- Putin declares Sochi Paralympics open amid Ukrainian protest
- ‘In Jesus name, we pray’ sparks ire at Ohio council meeting
- Navy’s first laser weapon ready for prime time; drone killer to deploy this summer
- Billionaire backer: Rick Santorum ‘needs to be heard’ in 2016
- Obamacare fallout: 49 percent pessimistic; 45 percent ‘scared’
- DHS accused of holding U.S. citizen at airport, using emails to pry into her sex life
- Seattle socialist: Minimum-wage discussion skewed by ‘right-wing’ GAO analysis
- U.N. warns of Muslim ‘cleansing’ in Central African Republic
- Senate blocks change to military sex assault cases
- Drug mix may have cured child born with HIV, doctors say
Latest Other Items
John Lennon's killer was denied release from prison in his seventh appearance before a parole board, New York corrections officials said.
Give President Obama four more years in the White House, Dinesh D'Souza seems to be saying, and down could fall the curtain upon America as the land of freedom and opportunity. Which, by the way, wouldn't perplex the president, as Mr. D'Souza understands him: This self-fancying "overlord of America," "the Indispensable One," whose subordinates we are, our "Big Daddy," operating by his own ordinances, and, accordingly, "the most dangerous man" in the country.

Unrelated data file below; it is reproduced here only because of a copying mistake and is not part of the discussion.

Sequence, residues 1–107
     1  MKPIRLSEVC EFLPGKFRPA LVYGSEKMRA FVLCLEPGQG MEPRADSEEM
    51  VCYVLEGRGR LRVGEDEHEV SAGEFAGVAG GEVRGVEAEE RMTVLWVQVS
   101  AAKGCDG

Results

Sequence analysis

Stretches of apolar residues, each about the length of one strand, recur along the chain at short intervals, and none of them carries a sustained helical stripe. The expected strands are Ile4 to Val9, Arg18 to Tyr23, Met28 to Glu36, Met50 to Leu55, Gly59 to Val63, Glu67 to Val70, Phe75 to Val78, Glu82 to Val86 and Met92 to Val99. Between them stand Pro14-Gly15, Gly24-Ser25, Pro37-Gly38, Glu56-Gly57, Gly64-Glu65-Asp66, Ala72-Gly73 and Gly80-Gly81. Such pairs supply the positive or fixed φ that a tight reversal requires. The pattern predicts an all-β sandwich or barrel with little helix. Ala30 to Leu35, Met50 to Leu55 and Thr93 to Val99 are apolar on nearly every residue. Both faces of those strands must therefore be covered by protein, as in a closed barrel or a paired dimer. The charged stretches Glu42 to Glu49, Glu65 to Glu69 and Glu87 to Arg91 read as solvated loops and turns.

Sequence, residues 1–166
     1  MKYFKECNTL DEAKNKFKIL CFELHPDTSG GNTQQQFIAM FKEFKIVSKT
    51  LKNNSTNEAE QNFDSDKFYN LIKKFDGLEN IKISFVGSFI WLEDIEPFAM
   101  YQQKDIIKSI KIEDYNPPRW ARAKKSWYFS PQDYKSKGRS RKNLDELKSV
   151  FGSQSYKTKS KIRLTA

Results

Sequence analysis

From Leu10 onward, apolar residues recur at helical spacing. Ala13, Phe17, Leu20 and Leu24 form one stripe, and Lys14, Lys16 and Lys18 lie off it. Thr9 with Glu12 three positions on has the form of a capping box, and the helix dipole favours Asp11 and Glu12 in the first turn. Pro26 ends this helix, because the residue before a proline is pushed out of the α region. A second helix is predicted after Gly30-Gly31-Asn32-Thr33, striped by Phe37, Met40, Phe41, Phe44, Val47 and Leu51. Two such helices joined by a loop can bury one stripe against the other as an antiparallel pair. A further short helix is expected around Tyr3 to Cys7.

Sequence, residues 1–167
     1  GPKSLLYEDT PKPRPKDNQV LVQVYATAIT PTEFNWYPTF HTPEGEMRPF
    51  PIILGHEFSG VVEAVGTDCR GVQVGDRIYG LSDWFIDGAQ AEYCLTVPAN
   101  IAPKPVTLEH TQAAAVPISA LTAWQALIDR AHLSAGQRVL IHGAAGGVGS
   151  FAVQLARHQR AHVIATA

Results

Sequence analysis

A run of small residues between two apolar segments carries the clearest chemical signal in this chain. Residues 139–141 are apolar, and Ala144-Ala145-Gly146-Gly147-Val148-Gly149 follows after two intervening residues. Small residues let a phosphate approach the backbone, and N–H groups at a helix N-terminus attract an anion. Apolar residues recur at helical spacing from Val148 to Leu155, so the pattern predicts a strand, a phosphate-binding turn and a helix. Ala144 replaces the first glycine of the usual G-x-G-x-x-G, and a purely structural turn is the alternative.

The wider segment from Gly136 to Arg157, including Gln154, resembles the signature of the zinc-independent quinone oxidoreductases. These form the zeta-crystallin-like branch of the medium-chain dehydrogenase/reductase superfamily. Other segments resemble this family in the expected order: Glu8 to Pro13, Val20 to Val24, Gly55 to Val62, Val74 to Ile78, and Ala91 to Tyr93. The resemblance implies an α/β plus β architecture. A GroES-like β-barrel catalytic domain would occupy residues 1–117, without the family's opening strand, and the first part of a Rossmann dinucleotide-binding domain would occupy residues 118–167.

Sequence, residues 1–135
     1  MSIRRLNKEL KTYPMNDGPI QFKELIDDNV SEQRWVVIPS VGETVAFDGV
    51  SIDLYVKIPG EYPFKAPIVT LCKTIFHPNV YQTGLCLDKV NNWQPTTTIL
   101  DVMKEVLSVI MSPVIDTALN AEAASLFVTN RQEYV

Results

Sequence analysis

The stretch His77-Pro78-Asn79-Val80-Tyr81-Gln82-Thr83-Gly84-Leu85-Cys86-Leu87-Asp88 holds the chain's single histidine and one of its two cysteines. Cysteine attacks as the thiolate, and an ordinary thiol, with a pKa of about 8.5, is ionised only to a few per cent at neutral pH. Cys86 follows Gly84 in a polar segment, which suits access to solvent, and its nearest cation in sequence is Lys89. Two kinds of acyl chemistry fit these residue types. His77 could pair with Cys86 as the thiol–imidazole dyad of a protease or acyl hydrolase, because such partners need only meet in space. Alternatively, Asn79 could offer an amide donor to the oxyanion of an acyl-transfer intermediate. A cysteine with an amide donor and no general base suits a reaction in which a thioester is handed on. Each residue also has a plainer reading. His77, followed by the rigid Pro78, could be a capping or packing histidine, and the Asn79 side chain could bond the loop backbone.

When Steve Briggs and Steve Weiss, principals with SAI Contractors in Cabin John, worked with homeowners in North Arlington to demolish their home and build a new one on their lot, they never expected to find three streams running underneath the site.
Now that Curiosity passed its driving test on Mars, the six-wheel NASA rover set its sights on longer treks.
My very capable processor proclaimed yesterday that she's glad our office isn't next to a gun shop because she's ready to blow her head off. She said this in jest, of course, but I'd like to describe a particular refinance from hell that's causing our blood to boil.
British writer Nina Bawden, who wrote children's classics including the World War II story "Carrie's War," died Wednesday. She was 87.
Mike Locksley spent last autumn in quite a new way. He watched his 15-year-old son's football games every week. He took his daughter to school. He embraced the quality family time that admittedly eluded him for more than two decades.
A judge appointed Michael Jackson's nephew on Wednesday to share guardianship responsibilities for the singer's three children, but not without a last-minute effort by some relatives to delay the decision.
It was nothing like this 3,000 years ago.